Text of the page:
How to Handle a Baby: The Put This On Way!
Since Pete’s about to be up to his ankles in drool and spit up, I thought I’d answer a question that comes up surprisingly frequently in our email inbox. How do you deal with the combination of young kids and nice clothes?
The answer, to be honest, is pretty simple: you put your gosh-darned baby first. And take some reasonable precautions. To wit:
When you’re feeding or burping your baby, or your baby’s eaten recently, take off your coat. It’s probably dry-clean only, and it’ll be an expensive hassle to get clean.
The same goes for your tie. Ties can’t really be cleaned, so a stain is pretty much fatal. (Technically you can dry clean a tie, but most dry cleaners will crush it in the process.)
Use a burp cloth, and be quick to deploy it to problem areas. Don’t get arrogant and think you’re the zen barfmaster who can anticipate these things. A cloth on the shoulder can save your shirt.
Don’t be afraid to change when you get home. I presume that if you’re wearing dry clean only clothing it’s mostly to work. Put on a t-shirt and a sweatshirt when you get back to the house. Something washable. Your infant will not judge you.
Be prepared to have a little barf on you, and to do some extra laundry. This is what moms have been doing for centuries, and honestly - it’s just fine. It’s milk, not poison.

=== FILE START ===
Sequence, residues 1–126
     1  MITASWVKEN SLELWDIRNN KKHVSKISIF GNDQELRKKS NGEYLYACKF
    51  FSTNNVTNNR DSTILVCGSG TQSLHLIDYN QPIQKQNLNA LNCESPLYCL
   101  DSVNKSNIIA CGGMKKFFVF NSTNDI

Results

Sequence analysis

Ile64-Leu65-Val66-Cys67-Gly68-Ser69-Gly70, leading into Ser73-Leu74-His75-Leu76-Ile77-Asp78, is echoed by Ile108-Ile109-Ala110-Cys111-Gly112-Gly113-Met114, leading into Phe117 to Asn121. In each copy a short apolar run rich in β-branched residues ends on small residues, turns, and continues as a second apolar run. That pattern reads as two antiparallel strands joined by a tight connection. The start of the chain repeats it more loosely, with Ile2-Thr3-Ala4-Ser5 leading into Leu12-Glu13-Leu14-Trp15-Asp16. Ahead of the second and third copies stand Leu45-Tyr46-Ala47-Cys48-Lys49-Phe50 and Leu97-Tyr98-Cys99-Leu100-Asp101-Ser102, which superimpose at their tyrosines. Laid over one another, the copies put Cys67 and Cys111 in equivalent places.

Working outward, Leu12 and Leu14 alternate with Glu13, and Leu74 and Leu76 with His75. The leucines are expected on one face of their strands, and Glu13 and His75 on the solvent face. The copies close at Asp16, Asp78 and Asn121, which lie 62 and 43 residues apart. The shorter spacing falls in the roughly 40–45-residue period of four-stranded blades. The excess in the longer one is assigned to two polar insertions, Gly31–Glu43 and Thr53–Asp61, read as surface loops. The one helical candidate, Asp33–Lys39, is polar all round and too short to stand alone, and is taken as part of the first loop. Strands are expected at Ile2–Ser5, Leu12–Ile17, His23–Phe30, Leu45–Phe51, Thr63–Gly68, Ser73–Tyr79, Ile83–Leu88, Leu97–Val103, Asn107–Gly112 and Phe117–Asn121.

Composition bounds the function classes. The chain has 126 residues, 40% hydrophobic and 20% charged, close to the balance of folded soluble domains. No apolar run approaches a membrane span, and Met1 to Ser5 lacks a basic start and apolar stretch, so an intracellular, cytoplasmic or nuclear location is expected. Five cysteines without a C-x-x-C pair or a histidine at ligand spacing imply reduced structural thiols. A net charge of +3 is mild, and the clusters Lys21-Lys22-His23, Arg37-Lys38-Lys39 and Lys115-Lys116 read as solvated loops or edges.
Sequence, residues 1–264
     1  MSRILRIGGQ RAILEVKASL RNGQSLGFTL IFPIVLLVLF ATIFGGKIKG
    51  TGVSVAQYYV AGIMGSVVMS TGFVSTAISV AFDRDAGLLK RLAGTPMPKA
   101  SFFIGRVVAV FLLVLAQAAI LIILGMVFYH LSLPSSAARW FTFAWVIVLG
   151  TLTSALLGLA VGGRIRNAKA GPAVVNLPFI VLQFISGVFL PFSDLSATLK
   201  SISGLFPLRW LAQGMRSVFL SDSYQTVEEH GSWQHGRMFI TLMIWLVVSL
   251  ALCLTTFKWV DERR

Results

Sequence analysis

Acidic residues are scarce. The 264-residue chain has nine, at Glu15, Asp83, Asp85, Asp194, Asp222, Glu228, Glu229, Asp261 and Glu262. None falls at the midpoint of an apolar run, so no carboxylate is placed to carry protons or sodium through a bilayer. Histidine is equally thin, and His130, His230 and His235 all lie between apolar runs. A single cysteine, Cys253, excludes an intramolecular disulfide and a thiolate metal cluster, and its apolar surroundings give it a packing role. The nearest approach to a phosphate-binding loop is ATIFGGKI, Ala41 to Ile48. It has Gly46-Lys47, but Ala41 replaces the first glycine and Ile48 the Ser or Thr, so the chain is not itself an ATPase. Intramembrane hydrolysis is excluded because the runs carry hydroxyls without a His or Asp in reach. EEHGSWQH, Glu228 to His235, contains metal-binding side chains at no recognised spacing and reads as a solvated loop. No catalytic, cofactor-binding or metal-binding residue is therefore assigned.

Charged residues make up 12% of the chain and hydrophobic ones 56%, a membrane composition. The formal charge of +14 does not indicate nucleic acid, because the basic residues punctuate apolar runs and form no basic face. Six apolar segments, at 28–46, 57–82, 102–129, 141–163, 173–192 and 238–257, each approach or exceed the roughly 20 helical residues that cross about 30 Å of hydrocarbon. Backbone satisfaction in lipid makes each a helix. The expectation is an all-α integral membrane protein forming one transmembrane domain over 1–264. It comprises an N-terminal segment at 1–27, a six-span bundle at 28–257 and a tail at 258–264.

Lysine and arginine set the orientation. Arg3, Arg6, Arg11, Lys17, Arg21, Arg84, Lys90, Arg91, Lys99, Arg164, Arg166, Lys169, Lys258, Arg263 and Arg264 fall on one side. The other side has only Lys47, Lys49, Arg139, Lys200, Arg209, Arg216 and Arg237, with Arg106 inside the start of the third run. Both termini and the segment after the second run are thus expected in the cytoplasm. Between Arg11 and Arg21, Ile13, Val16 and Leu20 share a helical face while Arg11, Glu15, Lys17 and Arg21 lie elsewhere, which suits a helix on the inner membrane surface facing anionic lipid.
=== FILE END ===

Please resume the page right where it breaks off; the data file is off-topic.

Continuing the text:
Look: having a baby barf on you can be quite trying. Sometimes I wonder if my baby even cares about my shirts. Sometimes I feel like he only cares about bright lights and my wife’s bosom. Overall, though, it’s worth it. (Bringing life into the world, I mean.)

How to Handle a Baby: The Put This On Way!

Since Pete’s about to be up to his ankles in drool and spit up, I thought I’d answer a question that comes up surprisingly frequently in our email inbox. How do you deal with the combination of young kids and nice clothes?

The answer, to be honest, is pretty simple: you put your gosh-darned baby first. And take some reasonable precautions. To wit:

  • When you’re feeding or burping your baby, or your baby’s eaten recently, take off your coat. It’s probably dry-clean only, and it’ll be an expensive hassle to get clean.
  • The same goes for your tie. Ties can’t really be cleaned, so a stain is pretty much fatal. (Technically you can dry clean a tie, but most dry cleaners will crush it in the process.)
  • Use a burp cloth, and be quick to deploy it to problem areas. Don’t get arrogant and think you’re the zen barfmaster who can anticipate these things. A cloth on the shoulder can save your shirt.
  • Don’t be afraid to change when you get home. I presume that if you’re wearing dry clean only clothing it’s mostly to work. Put on a t-shirt and a sweatshirt when you get back to the house. Something washable. Your infant will not judge you.
  • Be prepared to have a little barf on you, and to do some extra laundry. This is what moms have been doing for centuries, and honestly - it’s just fine. It’s milk, not poison.

Look: having a baby barf on you can be quite trying. Sometimes I wonder if my baby even cares about my shirts. Sometimes I feel like he only cares about bright lights and my wife’s bosom. Overall, though, it’s worth it. (Bringing life into the world, I mean.)